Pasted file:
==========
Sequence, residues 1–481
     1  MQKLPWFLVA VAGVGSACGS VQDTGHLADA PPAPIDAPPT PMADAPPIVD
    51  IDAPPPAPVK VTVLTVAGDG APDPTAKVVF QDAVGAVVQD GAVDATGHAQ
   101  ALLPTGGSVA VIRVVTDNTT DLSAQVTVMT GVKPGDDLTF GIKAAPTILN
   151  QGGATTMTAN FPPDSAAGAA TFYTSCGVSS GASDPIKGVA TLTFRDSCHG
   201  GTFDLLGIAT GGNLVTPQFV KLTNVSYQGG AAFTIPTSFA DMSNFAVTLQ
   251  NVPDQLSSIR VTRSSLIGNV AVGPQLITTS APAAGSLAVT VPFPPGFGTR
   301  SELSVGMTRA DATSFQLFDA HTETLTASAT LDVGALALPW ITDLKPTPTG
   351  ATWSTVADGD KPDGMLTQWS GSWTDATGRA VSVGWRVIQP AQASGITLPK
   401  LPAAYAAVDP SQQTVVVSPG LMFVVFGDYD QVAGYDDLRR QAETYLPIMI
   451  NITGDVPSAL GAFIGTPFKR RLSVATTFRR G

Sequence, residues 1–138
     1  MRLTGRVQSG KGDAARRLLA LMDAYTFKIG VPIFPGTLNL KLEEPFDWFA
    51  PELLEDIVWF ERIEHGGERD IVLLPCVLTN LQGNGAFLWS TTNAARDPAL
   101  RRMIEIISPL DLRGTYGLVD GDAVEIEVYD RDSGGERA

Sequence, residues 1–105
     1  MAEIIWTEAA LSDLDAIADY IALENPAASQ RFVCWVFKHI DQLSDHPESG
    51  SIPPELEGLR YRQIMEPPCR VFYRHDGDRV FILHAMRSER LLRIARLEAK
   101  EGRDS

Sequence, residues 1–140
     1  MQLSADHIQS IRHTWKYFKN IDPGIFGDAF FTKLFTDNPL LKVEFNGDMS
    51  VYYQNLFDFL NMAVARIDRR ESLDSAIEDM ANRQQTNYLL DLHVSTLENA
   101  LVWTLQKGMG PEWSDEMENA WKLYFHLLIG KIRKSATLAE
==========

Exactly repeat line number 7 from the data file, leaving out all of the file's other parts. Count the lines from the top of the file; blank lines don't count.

   251  NVPDQLSSIR VTRSSLIGNV AVGPQLITTS APAAGSLAVT VPFPPGFGTR